Wednesday, October 14, 2009

On Being Fluffy Tuffy

For good reason, a lot of writers swear they never look at reviews. They don't want to see them because for as much as a great review feels validating, a terrible review gnaws at you until you want to find the person and scream at them about all the things they didn't get. Because that's the thing about writers, though we'll accept constructive criticism and concede certain points, in the end, we're sure we're right.

Unfortunately for me, I'm weak willed and not one of these writers that can avoid the curiosity of what's being said about my work. So, I went trolling and came across a review of Zombie Blondes the other day that really upset me. It was on one of the endless book review blogs. Now, unlike some people I know, I don't have a problem with these blogs. In fact, I'm very appreciative of them. I think many of them (especially those run by teens) do a better job of getting information on new books out to other teens than publishers ever have. But with more reviewers out there without a literary background, it strongly increases the the chance for the "Oh my god! I HATED this book" review. And in some ways, those sting more coming from the audience than from some picky librarian.

I guess what really bothers me about the negative Zombie Blondes reviews (and there's a lot of them, though I'm happy to say there's a lot of good ones too) is that so often the review doesn't stem from the book but from the reader's expectations. Being part of a genre trend (though let me point out that Zombie Blondes along with Generation Dead were the start of the trend), doesn't help. The current zombie and vampire books all fit a mold of which my book doesn't belong to, but gets lumped into. 

My books isn't a light-hearted romp. It isn't an action novel. It isn't a romance novel in a goth disguise. MY NOVEL is a novel about the willingness to ignore bad situations, about shutting off that voice inside us that is warning us against certain decisions in favor of temptation. It's a novel about the lure of fascism and the regret of succumbing to its appeal. It's a novel about the cult of popularity and the abuse of power structures. It's about seeing past the surface of society and glimpsing the fettering evil ugliness that makes it run.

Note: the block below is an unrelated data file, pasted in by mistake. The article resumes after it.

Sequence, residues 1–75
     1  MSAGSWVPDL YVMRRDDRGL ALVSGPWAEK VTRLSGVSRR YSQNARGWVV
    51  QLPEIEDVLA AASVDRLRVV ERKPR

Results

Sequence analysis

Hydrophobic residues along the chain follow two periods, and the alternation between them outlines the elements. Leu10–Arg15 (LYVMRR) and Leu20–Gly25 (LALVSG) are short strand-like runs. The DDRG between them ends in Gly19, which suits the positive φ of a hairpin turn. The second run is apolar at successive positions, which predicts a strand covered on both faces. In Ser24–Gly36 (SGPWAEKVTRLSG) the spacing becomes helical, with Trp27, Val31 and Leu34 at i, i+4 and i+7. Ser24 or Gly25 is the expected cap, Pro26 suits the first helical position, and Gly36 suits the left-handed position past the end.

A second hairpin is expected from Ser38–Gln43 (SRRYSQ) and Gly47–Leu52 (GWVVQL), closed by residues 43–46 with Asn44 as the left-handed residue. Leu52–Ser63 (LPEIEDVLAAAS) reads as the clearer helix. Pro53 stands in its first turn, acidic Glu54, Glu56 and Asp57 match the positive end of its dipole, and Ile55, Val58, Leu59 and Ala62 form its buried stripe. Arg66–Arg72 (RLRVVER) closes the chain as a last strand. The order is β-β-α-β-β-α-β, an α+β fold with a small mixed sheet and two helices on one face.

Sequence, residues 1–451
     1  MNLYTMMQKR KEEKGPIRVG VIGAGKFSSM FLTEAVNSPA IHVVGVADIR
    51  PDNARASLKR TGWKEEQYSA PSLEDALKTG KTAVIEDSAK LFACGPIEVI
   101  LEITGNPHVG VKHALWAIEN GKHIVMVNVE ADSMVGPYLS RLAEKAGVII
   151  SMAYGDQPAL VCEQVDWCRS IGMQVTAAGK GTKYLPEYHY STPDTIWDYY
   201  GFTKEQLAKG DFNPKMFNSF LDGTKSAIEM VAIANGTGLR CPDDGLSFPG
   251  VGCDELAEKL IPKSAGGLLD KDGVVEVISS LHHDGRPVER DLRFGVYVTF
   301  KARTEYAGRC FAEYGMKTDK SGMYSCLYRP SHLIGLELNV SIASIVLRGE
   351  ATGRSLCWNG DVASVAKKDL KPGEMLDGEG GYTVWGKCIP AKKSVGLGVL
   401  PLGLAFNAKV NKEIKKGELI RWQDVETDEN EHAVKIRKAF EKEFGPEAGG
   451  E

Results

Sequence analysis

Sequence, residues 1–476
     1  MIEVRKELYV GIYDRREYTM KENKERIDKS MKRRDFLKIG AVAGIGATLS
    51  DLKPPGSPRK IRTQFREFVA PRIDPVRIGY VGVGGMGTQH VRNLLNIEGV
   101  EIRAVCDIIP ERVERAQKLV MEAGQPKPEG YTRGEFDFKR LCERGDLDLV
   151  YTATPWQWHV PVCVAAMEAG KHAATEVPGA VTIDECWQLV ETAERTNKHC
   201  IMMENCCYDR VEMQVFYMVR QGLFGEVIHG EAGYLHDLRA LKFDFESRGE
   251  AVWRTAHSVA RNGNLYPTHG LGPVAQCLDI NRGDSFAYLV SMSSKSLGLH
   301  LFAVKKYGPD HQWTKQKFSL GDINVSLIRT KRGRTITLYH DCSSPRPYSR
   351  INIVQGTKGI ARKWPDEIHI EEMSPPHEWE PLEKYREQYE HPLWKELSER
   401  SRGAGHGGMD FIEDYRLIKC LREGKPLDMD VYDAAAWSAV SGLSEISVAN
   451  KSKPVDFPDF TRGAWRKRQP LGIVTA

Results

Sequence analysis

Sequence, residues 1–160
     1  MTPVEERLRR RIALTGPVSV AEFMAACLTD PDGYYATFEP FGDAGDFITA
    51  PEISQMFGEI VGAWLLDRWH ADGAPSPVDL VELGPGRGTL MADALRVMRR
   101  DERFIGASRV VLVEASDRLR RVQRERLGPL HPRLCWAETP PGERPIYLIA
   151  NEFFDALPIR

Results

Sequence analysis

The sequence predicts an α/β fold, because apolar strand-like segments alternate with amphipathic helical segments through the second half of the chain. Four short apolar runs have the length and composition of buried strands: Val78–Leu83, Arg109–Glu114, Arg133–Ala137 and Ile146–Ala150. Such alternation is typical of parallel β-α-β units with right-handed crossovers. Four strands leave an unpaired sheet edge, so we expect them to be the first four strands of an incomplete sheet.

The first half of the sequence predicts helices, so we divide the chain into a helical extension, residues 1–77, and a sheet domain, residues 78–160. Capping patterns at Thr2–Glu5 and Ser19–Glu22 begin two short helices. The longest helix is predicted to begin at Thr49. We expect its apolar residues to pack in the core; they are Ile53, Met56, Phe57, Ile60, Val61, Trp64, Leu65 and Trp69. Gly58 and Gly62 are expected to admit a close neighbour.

But alas, I know these things shouldn't bother me. Maybe I just to need be more like my cats, fluffy tuffy and let it wash over me. But it's not in my nature, which doesn't bode well for me since it's also in a writer's nature to be overly sensitive. I believe Richard Brautigan summed us best in this metaphor.

I will be very careful the next time I fall in love, she told herself. Also, she had made a promise to herself that she intended on keeping. She was never going to go out with another writer: no matter how charming, sensitive, inventive or fun they could be. They weren’t worth it in the long run. They were emotionally too expensive and the upkeep was too complicated. They were like having a vacuum cleaner around that broke all the time and only Einstein could fix.

 She wanted her next lover to be a broom.

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